Yet we are told that we are now standing on the threshold of a new age, a new awareness is about to emerge in which our primary interest will be in the inner workings of existence and we will see the outer as tools, vehicles, means to access the inner.

Everyone’s in search of Eden, both those east of Eden and those west of Eden. I guess, that in the East one can perhaps catch glimpses or have some sense of the real Eden. West of Eden is another story. In the West we have created a monolith, our own version of Paradise. It’s Eden, but entirely of another sort.

Now back to Iraq. It seems that the war in Iraq has been won. But has it been won? A tyrant has been vanquished, true. Yet a nation of millions remains fragmented into struggling factions. How far does Babylon extend? What does the future of Babylon hold and how will it affect the world?

Naïve people – including many Americans, fed a steady diet of TV images, comic book heroes and villains, sports icons – see life, even global events and history itself, in black and white terms. To ensure a sense of false security, simplicity serves well to see these battles as Cowboys and Indians. Saddam is evil, the coalition is good. The good guys have beaten the bad guys.

Unfortunately life is not so simple.  As this column has been contending for 2 years now, the Middle Eastern conflict is not just a clash of civilizations. It reflects battles – global, personal, religious – of cosmic and Biblical proportions that trace back thousands of years to Abraham’s home and children. And the future of existence itself hangs in the balance.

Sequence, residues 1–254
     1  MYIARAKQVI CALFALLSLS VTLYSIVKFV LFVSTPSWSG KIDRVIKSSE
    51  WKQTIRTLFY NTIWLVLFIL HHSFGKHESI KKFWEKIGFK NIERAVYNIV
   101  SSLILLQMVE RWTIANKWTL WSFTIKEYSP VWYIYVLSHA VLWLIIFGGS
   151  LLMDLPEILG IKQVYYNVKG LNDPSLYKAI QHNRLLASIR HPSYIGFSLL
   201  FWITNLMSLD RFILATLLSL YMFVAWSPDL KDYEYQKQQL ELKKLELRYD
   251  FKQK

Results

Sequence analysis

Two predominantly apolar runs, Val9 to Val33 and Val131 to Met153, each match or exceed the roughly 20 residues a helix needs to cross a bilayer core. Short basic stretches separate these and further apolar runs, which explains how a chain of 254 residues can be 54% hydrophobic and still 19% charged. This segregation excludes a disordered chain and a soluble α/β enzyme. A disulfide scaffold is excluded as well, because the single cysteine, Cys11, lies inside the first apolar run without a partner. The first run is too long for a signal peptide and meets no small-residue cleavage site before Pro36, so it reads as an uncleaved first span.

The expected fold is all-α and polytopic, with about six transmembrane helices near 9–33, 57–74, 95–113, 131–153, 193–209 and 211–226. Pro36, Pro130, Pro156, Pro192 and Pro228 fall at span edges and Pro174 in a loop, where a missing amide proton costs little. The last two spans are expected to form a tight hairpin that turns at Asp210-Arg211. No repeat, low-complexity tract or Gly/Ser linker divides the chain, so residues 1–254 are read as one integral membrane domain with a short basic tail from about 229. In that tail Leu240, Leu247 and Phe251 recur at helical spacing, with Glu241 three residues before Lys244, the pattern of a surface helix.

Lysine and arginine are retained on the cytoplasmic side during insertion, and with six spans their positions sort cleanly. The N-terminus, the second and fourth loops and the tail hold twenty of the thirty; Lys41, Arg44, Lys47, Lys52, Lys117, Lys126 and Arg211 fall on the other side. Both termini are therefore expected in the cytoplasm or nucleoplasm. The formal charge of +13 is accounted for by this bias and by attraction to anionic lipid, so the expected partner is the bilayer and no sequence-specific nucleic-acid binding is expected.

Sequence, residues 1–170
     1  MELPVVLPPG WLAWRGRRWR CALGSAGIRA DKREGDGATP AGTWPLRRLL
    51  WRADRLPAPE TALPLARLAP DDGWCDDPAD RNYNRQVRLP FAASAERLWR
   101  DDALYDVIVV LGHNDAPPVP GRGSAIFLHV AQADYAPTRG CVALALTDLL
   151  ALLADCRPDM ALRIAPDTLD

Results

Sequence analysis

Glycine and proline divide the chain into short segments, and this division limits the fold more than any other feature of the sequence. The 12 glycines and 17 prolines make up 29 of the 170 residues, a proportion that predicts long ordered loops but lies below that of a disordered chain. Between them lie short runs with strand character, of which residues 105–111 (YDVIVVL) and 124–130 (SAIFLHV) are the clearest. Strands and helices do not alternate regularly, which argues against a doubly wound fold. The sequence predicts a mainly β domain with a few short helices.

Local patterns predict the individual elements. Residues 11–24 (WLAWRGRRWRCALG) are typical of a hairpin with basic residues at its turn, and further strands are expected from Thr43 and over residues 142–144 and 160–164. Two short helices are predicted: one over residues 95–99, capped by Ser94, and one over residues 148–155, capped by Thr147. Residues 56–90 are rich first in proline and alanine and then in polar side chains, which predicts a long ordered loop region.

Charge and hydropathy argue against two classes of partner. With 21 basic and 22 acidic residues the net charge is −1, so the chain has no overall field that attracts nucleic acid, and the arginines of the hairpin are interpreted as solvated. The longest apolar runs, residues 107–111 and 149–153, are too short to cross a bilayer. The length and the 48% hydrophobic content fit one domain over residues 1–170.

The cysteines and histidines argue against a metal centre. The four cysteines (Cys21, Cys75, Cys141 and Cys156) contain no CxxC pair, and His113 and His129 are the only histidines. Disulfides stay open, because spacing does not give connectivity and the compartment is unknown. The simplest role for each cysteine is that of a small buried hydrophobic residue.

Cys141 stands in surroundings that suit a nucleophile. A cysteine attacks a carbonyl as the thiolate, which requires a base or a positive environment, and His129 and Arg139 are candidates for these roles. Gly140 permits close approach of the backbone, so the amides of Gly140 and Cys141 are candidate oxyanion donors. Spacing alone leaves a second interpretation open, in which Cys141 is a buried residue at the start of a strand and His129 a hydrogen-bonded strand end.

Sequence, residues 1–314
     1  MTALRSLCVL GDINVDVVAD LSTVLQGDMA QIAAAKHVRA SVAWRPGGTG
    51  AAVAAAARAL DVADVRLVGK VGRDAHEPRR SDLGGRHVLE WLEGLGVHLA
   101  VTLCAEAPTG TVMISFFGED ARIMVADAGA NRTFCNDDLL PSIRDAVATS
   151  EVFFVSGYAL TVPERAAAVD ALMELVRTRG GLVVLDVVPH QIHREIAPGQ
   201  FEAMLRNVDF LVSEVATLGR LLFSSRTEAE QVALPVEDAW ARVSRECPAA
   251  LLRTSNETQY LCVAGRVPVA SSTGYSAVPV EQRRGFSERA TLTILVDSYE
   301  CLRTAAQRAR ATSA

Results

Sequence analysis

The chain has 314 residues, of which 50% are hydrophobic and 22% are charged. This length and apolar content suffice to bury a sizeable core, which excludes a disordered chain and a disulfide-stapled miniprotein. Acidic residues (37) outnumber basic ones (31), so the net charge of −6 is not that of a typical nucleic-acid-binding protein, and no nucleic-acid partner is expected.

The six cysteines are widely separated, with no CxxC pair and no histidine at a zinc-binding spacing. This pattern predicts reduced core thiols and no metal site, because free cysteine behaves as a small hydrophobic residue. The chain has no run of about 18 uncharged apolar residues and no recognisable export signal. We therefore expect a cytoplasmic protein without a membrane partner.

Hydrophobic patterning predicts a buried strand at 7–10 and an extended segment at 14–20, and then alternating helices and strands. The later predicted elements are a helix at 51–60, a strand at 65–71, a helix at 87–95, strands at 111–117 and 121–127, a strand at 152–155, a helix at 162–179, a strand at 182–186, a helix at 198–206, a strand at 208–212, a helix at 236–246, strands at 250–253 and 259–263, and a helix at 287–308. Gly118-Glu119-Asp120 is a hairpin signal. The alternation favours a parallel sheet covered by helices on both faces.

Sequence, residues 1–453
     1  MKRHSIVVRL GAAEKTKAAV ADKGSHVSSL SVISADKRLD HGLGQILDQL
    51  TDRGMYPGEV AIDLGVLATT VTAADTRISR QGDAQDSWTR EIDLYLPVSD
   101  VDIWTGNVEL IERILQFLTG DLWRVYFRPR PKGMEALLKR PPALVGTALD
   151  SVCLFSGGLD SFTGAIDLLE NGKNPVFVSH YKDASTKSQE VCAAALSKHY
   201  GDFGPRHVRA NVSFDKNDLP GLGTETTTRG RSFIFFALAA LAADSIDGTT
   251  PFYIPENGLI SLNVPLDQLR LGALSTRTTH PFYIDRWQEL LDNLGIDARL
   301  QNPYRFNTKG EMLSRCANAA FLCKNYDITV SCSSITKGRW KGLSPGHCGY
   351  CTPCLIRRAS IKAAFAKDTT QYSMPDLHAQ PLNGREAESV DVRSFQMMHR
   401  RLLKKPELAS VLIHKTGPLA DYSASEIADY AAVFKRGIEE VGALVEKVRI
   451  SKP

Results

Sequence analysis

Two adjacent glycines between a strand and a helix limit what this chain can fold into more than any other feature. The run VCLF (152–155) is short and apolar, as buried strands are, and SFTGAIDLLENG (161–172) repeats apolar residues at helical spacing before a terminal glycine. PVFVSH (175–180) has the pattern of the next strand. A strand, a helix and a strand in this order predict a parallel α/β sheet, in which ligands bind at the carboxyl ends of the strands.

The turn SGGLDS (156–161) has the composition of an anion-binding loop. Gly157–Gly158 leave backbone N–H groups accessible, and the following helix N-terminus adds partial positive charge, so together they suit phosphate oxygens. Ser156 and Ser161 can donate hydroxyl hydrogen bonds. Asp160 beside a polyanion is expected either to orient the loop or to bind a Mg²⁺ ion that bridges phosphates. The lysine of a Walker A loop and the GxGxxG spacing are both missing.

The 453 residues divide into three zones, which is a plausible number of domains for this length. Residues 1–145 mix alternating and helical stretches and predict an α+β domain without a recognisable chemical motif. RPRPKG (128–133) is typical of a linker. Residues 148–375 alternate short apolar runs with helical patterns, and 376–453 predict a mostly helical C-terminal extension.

You don’t need faith to appreciate the Biblical dimensions involved. Just Iraq itself – let alone the entire Arab/Muslim world – is divided between the Sunnis and the Shi’ites, in a battle that goes back to the birth of Islam 13 centuries ago. And the over 1 billion Muslims are not going away.

Simple minds prefer to see it as a one-time event – the heroes have won. That makes it just so much more convenient. It takes a visionary to really look ahead and see the birthing. And to look ahead effectively requires looking back. Bigger pictures are multi dimensional. Like a film you need to see the beginning to appreciate and understand its end. And vice versa.